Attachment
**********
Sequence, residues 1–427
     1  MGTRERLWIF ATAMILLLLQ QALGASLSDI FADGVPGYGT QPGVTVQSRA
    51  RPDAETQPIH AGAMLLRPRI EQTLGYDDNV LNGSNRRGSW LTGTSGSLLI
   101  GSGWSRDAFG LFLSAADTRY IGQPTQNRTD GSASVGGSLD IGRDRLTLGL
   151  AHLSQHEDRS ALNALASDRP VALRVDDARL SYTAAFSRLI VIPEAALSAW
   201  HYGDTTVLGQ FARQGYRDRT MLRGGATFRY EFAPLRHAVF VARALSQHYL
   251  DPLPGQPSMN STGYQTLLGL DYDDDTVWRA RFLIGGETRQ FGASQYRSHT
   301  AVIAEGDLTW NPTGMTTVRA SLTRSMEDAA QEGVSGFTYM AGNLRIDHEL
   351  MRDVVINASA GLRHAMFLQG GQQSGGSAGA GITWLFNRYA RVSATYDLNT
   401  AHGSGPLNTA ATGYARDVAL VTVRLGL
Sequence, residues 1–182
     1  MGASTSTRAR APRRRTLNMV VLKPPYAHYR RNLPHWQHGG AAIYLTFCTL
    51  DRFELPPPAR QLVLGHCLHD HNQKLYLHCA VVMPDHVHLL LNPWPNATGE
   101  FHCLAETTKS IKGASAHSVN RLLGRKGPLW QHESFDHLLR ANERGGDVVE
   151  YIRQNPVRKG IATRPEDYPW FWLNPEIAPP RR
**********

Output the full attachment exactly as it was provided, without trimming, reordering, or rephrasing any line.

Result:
Sequence, residues 1–427
     1  MGTRERLWIF ATAMILLLLQ QALGASLSDI FADGVPGYGT QPGVTVQSRA
    51  RPDAETQPIH AGAMLLRPRI EQTLGYDDNV LNGSNRRGSW LTGTSGSLLI
   101  GSGWSRDAFG LFLSAADTRY IGQPTQNRTD GSASVGGSLD IGRDRLTLGL
   151  AHLSQHEDRS ALNALASDRP VALRVDDARL SYTAAFSRLI VIPEAALSAW
   201  HYGDTTVLGQ FARQGYRDRT MLRGGATFRY EFAPLRHAVF VARALSQHYL
   251  DPLPGQPSMN STGYQTLLGL DYDDDTVWRA RFLIGGETRQ FGASQYRSHT
   301  AVIAEGDLTW NPTGMTTVRA SLTRSMEDAA QEGVSGFTYM AGNLRIDHEL
   351  MRDVVINASA GLRHAMFLQG GQQSGGSAGA GITWLFNRYA RVSATYDLNT
   401  AHGSGPLNTA ATGYARDVAL VTVRLGL
Sequence, residues 1–182
     1  MGASTSTRAR APRRRTLNMV VLKPPYAHYR RNLPHWQHGG AAIYLTFCTL
    51  DRFELPPPAR QLVLGHCLHD HNQKLYLHCA VVMPDHVHLL LNPWPNATGE
   101  FHCLAETTKS IKGASAHSVN RLLGRKGPLW QHESFDHLLR ANERGGDVVE
   151  YIRQNPVRKG IATRPEDYPW FWLNPEIAPP RR